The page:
Genomic DNA from some patients diagnosed as sporadic cases of probable AD at Duke, Toronto, and Boston have been banked over the past six years. Sporadic AD patients were defined as those without a known family history of AD or dementia. The sporadic, probable AD patients represented all of the banked DNAs in the Toronto and Duke banks as of November 1992, except for an ongoing prospective series begun in August 1992 at the Bryan ADRC Memory Disorders clinic. The DNA from these individuals had been collected randomly prior to any interest in ApoE isotyping. Not all sporadic AD patients evaluated in these clinics were banked routinely. The diagnosis of probable AD in this group can be expected to be in the 80-90% accuracy range that is observed in most specialized AD clinics. Brain DNA was obtained from autopsy-confirmed, Caucasian cases of AD that had been banked in the Kathleen Bryan Brain Bank at Duke, the University of Toronto, and the Harvard Medical School. Six black or American Indian autopsies were eliminated from the series of sporadic AD autopsies since the association analyses are sensitive to the control group. Two sets of controls were used in the study. The first set was 91 unrelated grandparents from the Centre d'Etude du Polymorphisme Humain (CEPH) reference families (J. Dausett et al., Genomics 6, 575-577 (1990)). These families were collected for human gene mapping and are characterized by having grandparents, parents, and many grandchildren available for DNA mapping. The grandparents represent a random group of Caucasian aged-controls of European and American background, similar to the late-onset FAD families and the autopsy-confirmed sporadic AD population. Twenty-one Caucasian spouses of patients participating in an ongoing prospective analysis of probable AD patients and spouses were also used as control group.
High molecular weight DNA was obtained from transformed lymphoblasts according to know techniques (M. Pericak-Vance et al., Neurology 36, 1418-1423 (1986) and M. Pericak-Vance et al., Exp Neurol 102 271-279 (1988)) or to the GENEPURE 341™ nucleic acid extractor's supplied protocol (Applied Biosystems). Genomic DNA from brain tissue was isolated by pulverizing approximately 300 mg of frozen brain tissue under liquid nitrogen, adding 4 ml of lysis buffer (Applied Biosystems) and 1 mg of proteinase K (Applied Biosystems), and gently rocking overnight at 37° C. before extracting on the GENEPURE 341.
Amplification and restriction isotyping of ApoE.
Genomic DNA was amplified by polymerase chain reaction (PCR) in a Techne MW-2 thermocycler using HI-TEMP 96-well plates (Techne) and the primers described by P. Wenham et al., Lancet 337, 1158-1159 (1991). The PCR protocol was based on those described by Wenham et al. and J. Hixson et al., J. Lipid Res. 31, 545-548 (1990). Each amplification reaction contained 20 ng genomic DNA, 1.0 pmol/μl each primer, 10% dimethylsulfoxide (Sigma), 200 μm each DNTP (Pharmacia), 1.0 μCi (alpha-32 P) dCTP (800 Ci/mol in 10 mM Tricine, NEN Research Products), 0.05 units/μl Taq DNA polymerase and supplied 1X buffer (Boehringer Mannheim) in a final volume of 15 μl. An initial denaturation at 94° C. for 5 minutes was followed by 35 cycles of annealing at 65° C. for 0.5 minutes, extension at 70° C. for 1.5 minutes, denaturation at 94° C. for 0.5 minutes, and a final extension at 70° C. for 10 minutes. After amplification, 5 units of HhaI (Gibco) were directly added to each well, and the plates were incubated at least 3 hours at 37° C. Fifteen μL of 2X Type III stop dye (J. Sambrook et al., Cold Spring Harbor Laboratory Press B.24 (1989)) were added to each well, and 3 μL of each reaction were loaded on a 6% nondenaturing polyacrylamide gel (0.4 mm thick×43 cm long) and electrophoresed for one hour under constant current (45 mA). After electrophoresis, the gel was transferred to Whatman 3M chromatography paper, dried, and autoradiographed for one hour using Kodak XAR-5 film. Each autoradiograph was read independently by two different observers.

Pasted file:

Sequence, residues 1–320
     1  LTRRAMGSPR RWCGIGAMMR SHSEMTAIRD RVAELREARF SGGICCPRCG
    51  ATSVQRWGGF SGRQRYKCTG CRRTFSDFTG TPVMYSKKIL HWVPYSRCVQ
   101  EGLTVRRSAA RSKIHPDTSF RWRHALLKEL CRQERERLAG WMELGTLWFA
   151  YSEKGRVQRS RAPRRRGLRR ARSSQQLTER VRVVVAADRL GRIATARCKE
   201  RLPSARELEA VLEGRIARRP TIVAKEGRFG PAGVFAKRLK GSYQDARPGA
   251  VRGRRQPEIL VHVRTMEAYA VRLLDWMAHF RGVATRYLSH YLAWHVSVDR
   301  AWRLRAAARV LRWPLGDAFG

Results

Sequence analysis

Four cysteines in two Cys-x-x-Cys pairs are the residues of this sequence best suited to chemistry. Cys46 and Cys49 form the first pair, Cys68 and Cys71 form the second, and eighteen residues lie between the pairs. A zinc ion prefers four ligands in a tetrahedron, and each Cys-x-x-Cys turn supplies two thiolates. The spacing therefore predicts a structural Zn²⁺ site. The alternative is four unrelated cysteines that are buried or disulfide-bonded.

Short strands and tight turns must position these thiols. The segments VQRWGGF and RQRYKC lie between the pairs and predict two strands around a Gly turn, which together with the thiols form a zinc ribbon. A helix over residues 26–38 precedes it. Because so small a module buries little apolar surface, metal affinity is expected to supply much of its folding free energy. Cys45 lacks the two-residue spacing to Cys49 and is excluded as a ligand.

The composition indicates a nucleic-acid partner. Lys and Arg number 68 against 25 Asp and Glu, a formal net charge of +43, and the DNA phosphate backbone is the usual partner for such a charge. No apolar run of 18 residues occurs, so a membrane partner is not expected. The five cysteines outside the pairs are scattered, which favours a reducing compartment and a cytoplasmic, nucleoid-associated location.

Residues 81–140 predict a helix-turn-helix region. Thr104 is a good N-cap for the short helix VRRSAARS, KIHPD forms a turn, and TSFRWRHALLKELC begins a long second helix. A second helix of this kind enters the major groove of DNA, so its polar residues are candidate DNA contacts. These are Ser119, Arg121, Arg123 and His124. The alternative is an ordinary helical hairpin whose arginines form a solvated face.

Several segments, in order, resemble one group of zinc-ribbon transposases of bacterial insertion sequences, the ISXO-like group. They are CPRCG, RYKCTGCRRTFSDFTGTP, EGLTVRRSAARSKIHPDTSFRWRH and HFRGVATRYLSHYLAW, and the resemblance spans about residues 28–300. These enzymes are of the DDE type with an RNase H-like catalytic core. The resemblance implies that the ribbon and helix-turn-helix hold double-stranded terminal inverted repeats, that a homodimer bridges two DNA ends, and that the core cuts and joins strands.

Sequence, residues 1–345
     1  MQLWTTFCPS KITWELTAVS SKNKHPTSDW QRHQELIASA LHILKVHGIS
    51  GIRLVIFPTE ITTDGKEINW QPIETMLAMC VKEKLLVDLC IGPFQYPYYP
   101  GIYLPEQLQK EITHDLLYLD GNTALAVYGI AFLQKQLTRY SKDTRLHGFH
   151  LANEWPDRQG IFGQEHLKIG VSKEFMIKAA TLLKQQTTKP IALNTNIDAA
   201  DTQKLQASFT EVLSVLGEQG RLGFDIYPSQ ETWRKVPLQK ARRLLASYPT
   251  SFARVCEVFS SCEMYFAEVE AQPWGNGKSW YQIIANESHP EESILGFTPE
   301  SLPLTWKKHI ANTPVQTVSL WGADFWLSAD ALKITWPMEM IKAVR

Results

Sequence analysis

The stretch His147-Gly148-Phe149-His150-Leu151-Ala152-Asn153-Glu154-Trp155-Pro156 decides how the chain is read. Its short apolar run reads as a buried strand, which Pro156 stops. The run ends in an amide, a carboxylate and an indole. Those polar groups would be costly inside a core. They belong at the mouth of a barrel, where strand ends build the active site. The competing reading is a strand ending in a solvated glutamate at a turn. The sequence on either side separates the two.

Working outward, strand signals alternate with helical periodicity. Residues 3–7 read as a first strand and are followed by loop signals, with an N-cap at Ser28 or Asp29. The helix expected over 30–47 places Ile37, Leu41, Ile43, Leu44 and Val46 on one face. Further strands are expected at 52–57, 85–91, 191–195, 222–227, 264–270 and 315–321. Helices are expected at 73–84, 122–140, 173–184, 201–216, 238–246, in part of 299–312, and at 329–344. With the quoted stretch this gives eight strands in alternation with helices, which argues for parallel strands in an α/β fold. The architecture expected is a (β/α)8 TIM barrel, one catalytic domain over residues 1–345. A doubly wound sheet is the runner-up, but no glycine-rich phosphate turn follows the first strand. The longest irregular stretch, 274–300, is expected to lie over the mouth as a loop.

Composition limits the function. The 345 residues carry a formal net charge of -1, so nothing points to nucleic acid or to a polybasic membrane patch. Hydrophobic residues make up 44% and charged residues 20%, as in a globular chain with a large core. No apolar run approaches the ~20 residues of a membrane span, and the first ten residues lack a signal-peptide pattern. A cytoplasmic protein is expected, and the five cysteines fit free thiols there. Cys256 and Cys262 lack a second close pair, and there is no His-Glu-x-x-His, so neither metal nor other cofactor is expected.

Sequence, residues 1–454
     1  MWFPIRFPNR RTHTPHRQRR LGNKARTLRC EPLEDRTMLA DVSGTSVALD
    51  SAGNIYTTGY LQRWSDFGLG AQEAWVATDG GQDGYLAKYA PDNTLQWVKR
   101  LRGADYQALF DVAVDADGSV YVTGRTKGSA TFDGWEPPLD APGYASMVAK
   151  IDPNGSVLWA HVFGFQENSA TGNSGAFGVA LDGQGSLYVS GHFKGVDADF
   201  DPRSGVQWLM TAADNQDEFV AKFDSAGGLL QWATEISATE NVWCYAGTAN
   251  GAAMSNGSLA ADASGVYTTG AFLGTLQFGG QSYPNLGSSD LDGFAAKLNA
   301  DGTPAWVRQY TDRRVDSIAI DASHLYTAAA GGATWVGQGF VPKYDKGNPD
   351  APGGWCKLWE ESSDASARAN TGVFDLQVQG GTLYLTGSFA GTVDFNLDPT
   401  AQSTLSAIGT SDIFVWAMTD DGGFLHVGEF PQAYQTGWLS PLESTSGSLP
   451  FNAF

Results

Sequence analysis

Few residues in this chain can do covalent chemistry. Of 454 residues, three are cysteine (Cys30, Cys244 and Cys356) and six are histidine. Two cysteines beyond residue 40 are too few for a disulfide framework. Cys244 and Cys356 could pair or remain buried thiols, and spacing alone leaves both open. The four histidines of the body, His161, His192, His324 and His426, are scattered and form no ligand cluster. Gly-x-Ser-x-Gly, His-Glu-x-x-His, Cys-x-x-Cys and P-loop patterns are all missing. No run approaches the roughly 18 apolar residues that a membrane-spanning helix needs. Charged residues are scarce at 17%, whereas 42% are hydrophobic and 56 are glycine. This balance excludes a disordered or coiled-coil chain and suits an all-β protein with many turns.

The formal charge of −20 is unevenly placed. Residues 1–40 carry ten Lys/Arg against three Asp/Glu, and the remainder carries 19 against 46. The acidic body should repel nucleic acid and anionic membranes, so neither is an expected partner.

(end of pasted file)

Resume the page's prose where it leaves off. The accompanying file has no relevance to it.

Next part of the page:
Allele frequencies for the control and AD groups were estimated by counting alleles and calculating sample proportions. Allele frequency estimates for the early- and late-onset FAD families were calculated using one randomly selected affected patient from each family. The Z statistic for comparing two proportions was calculated (R. Elston and W. Johnson, Essentials of Biostatistics, (1987) and G. Schellenberg et al., J. Neurogenet. 4, 97-108 (1987)). An extreme value of Z compared to the probabilities for the standard normal distribution would suggest rejecting the null hypothesis that the allele frequencies in the two groups are equal. In order to compare the ApoE allele frequencies in the different populations, i.e., AD versus controls, and between control groups, the following comparisons were made: 1) CEPH controls versus spouse controls; 2) CEPH controls versus literature controls; 3) CEPH controls versus late-onset; 4) CEPH controls versus early-onset; 5) CEPH controls versus clinical (probable) sporadic AD; and 6) CEPH controls versus autopsy-confirmed sporadic AD. Affected-pedigree-member (APM) linkage analysis for ApoE was analyzed in accordance with known techniques (M. Pericak-Vance et al., Am. J. Hum. Genet. 48, 1034-1050 (1991) and D. Weeks et al., Am. J. Hum. Genet. 42, 315-326 (1988)). Two point lod scores were calculated using the computer program LINKAGE® Program Package (version 5.0) (G. Lanthrop et al., Am. J. Hum. Genet. 36, 460-465 (1984) and G. Lanthrop et al., Proc. Natl. Acad. Sci. USA 81, 3443-3446 (1984)). The age-of-onset and disease parameters used in the lod score calculations were as formerly outlined (M. Pericak-Vance et al., supra).